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Tuesday, October 7, 2014
Pat Robertson Finds A Monster In The Cellar
Western civilization is an ancient and beautiful structure. We're lucky to live here, mostly. But below this house is a cellar. And in that cellar is a monster. You knew that already.
Anyway, if you're a certain type of social conservative you pretend the monster doesn't exist. So if someone sends you down the stairs to rummage around, it can be quite a shock.
A couple of weeks ago someone sent Pat Robertson to the cellar.
It was one of his viewers. She wanted him to explain why the Bible's bloody parts are different than the bloody parts in the Quran. This difference is important to some of us, because it justifies the things we want to do to Muslims. (Of course, many people would argue we don't want to do any of it. We have to, because they're brutal people. That's what the issue is. Whether Muslims are brutal by their nature; if it's fair to judge them by the worst in their group.)
So Pat found himself halfway down the stairs, his feeble white hand trembling on the banister. He was trying to spot the chain to the overhead bulb in the center of the room. Someone had spilled something on the cement floor. It had barely dried.
We keep so many things down here. It's cluttered. It's not safe. Pat needed to look up one of our old stories. According to a founding document of our culture, God ordered His own chosen people to commit mass murder.
Now go, attack the Amalekites and totally destroy all that belongs to them. Do not spare them; put to death men and women, children and infants...
This is 1 Samuel 15:3, and it's part of a campaign of terror and bloodshed the Israelites waged as they took control of the Holy Land. Pat himself referred to it as "the wars of extermination." God and his prophets repeatedly commanded that the Israelites kill their enemies. It was their duty. Even the infanticide.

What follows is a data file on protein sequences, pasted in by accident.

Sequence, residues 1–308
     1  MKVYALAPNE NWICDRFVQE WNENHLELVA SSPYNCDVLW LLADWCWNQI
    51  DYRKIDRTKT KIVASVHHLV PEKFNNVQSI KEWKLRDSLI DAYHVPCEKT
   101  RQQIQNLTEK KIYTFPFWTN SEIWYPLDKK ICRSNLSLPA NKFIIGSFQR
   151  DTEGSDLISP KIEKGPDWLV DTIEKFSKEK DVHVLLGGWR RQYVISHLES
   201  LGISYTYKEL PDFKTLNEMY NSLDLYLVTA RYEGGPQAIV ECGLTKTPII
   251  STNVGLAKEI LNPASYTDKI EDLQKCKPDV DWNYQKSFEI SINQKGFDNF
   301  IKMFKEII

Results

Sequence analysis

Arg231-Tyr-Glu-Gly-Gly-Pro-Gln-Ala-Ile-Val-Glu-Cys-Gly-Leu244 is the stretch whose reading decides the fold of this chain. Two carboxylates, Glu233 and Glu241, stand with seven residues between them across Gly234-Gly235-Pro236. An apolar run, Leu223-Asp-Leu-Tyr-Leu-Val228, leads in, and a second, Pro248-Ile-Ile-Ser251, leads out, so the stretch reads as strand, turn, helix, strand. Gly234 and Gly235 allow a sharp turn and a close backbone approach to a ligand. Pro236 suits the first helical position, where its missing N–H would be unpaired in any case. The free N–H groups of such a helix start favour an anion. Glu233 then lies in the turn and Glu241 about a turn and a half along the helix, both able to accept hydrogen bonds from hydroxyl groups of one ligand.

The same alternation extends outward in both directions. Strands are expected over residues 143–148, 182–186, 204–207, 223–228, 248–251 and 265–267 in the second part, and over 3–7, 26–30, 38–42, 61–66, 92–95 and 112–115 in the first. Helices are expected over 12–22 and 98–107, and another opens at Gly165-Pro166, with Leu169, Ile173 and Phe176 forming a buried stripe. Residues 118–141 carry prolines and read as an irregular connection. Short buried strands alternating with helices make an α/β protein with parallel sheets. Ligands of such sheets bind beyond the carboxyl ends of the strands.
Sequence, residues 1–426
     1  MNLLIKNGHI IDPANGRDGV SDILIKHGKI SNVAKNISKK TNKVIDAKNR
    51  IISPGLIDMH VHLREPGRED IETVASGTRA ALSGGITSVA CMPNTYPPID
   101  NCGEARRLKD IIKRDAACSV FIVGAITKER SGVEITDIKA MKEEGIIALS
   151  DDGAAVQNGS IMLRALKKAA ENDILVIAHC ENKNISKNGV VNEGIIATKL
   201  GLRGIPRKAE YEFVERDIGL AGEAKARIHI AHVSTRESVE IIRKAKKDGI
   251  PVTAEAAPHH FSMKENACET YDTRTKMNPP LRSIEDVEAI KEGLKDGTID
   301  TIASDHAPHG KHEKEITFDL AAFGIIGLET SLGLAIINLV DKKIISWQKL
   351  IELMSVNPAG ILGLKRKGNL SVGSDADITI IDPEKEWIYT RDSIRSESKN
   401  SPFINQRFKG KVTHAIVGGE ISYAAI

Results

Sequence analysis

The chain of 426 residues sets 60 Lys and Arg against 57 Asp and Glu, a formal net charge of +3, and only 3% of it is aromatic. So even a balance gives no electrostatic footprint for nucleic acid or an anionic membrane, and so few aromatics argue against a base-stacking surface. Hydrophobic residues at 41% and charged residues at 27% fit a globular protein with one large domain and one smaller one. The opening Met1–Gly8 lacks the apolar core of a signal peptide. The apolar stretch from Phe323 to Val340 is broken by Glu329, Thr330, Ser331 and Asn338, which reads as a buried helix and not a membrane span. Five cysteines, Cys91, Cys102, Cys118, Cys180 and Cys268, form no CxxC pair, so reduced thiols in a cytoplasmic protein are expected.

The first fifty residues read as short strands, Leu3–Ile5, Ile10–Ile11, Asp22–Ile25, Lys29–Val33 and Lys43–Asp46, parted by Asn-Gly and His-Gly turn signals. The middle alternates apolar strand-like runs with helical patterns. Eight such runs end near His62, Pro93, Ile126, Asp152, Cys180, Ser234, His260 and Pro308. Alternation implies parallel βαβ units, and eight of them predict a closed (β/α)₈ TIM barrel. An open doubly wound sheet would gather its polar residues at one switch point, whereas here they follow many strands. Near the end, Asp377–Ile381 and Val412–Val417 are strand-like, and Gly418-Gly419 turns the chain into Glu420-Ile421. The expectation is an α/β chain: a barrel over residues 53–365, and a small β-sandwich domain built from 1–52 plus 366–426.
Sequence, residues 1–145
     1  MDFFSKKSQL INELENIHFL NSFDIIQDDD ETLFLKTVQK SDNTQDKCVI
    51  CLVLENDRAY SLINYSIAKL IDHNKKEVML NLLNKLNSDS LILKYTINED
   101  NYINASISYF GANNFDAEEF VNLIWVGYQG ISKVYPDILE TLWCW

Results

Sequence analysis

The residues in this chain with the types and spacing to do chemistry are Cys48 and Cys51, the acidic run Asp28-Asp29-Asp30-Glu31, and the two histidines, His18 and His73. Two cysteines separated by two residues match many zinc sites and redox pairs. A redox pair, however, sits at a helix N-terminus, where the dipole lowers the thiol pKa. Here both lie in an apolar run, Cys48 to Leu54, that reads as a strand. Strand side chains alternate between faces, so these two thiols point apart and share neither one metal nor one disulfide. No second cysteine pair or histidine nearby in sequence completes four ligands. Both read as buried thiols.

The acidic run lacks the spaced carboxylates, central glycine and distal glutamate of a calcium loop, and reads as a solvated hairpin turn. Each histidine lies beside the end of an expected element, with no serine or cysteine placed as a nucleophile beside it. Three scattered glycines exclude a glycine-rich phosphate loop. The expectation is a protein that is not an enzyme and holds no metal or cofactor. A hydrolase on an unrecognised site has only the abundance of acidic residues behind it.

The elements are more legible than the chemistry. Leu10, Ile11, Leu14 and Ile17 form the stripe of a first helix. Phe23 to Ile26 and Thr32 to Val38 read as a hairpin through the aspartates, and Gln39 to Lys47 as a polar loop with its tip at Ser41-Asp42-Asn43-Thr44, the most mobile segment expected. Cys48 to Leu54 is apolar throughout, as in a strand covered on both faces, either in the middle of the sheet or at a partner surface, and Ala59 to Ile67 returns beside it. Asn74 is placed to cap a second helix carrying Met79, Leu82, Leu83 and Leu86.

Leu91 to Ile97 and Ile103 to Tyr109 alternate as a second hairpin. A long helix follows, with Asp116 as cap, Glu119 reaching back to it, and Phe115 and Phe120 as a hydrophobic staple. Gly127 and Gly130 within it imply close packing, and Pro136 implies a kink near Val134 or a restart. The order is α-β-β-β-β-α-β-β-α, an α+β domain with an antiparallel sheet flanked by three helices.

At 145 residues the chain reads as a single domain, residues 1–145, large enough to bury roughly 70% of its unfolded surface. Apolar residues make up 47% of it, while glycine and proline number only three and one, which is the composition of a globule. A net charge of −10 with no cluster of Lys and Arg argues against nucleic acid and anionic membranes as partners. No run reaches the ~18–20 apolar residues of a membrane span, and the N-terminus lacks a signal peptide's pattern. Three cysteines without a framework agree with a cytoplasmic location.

God is the supreme Lord of life, and can require his own when he pleaseth; infants likewise are born in sin, and therefore liable to God's wrath.
This was how John Wesley justified it, adding...
Their death also was rather a mercy than a curse, as being the occasion of preventing their sin and punishment.
Today many of us say that's not what the Judeo-Christian tradition is about. Progressive believers argue that the text itself is deeply flawed. I think that's the only decent way to think about the Bible. There's just too much murder in that book. Large portions of it are immoral. Not old-fashioned or weird, but wicked and wrong. You have to absolutely reject some of it, or the parts about love and compassion are meaningless. They are actually obscene.
Not everyone thinks this way though. There are many, many people of faith out there still who agree with John Wesley that butchering children was justified. Writing for The Briefing, John Allister compared it to the ethics of assassinating Adolf Hitler - taking life for the greater good. The cellar is where we keep all the stuff some of us try to ignore about our past, and our values. But others - let's be honest - actually like coming down here. They vote. They have power. They support our leaders when they wage war, and they always have reasons. They too define who we are.
Who are we, actually?
Pat found his footing, walked into the stale air, and he decided not to turn on the light. He heard breathing in the corner. He smiled at what was sitting there. What had always been sitting there.
It smiled back at him.
I wrote an entire novel about these things. It's THE BLACK BOOK OF CHILDREN'S BIBLE STORIES, and you can find it here. Tomorrow and Thursday it will be free at Amazon.